I band(redirected from I disc)
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1. a part, structure, or appliance that binds; for anatomical structures, see frenulum, tenia, trabecula, and vinculum.
2. in dentistry, a thin metal strip fitted around a tooth or its roots.
3. in histology, a zone of a myofibril of striated muscle.
4. in cytogenetics, a segment of a chromosome stained brighter or darker than the adjacent bands; used in identifying the chromosomes and in determining the exact extent of chromosomal abnormalities. Called Q-bands, G-bands, C-bands, T-bands, etc., according to the staining method used. See also layer, stria, and stripe.
I band the band within a striated myofibril, seen as a light region under the light microscope and as a dark region under polarized light.
M band the narrow dark band in the center of the H band.
matrix band a cylindrical metal band with a special clamp or holder (the matrix retainer); it is filled with softened impression compound and seated over a tooth so that the compound flows into the prepared cavity and an impression of the tooth can be obtained. It is also used for placement and contouring of certain restorative materials.
orthodontic band a band fitted over a tooth to anchor an orthodontic fixed appliance.
Z band a thin membrane in a myofibril, seen on longitudinal section as a dark line in the center of the I band; the distance between Z bands delimits the sarcomeres of striated muscle.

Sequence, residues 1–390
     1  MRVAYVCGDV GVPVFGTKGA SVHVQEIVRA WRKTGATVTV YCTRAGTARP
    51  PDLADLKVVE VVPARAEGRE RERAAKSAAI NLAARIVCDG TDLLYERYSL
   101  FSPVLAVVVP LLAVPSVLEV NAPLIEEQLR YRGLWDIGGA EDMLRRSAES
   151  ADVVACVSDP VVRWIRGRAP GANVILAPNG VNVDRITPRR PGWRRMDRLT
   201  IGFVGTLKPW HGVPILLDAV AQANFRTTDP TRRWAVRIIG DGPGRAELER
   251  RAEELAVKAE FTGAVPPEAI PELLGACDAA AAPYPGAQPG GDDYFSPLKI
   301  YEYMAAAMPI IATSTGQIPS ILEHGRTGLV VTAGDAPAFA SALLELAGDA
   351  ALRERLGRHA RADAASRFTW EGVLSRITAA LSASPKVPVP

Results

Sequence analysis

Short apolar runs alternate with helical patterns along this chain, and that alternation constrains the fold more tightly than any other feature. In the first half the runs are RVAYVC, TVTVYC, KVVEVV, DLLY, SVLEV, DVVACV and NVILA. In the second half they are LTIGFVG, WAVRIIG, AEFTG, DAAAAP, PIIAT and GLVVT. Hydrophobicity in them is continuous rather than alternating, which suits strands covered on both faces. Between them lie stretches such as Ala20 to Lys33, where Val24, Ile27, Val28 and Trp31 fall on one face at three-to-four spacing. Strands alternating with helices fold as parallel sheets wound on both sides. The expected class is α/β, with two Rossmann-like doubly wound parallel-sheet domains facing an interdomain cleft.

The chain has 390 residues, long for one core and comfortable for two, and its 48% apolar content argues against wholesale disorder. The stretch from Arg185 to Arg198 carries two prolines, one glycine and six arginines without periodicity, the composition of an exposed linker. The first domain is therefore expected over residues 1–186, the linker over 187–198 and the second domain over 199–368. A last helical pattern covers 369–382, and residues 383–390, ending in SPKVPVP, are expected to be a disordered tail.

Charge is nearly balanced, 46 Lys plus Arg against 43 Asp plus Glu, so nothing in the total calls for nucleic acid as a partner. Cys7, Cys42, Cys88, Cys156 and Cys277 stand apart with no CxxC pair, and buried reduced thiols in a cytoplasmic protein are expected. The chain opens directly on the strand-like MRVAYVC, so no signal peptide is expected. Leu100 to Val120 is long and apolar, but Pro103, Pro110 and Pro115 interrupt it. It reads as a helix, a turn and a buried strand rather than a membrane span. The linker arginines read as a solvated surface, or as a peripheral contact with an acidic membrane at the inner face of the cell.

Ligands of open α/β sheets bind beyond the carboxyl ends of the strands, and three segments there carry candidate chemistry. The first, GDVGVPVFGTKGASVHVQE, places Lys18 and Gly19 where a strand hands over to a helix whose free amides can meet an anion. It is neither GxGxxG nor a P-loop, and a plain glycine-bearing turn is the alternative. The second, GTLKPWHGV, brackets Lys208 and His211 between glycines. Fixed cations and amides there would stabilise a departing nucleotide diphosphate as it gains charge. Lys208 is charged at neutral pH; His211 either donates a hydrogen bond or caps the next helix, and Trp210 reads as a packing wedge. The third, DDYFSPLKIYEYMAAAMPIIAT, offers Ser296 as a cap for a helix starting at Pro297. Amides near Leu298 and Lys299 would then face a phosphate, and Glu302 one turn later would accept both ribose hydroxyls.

Miller-Keane Encyclopedia and Dictionary of Medicine, Nursing, and Allied Health, Seventh Edition. © 2003 by Saunders, an imprint of Elsevier, Inc. All rights reserved.
a light band on each side of the Z line of striated muscle fibers, comprising a region of the sarcomere where thin (actin) filaments are not overlapped by thick (myosin) filaments.
Farlex Partner Medical Dictionary © Farlex 2012
A light band on each side of the Z line of striated muscle fibers, comprising a region of the sarcomere where thin (actin) filaments are not overlapped by thick (myosin) filaments.
Medical Dictionary for the Health Professions and Nursing © Farlex 2012
Patient discussion about I band
Q. how bad can your headaches get the ones i get feel like a band around my head and my eyes ache.
A. Headache can be very painful; thankfully, headache chronic syndromes can be diagnosed and treated quite effectively. From your description it sounds like you have a well-known headache syndrome (maybe cluster headache). However, effective diagnosis and treatment aren't possible over the net, so I would suggest seeing a doctor in order to treat it.More discussions about I band
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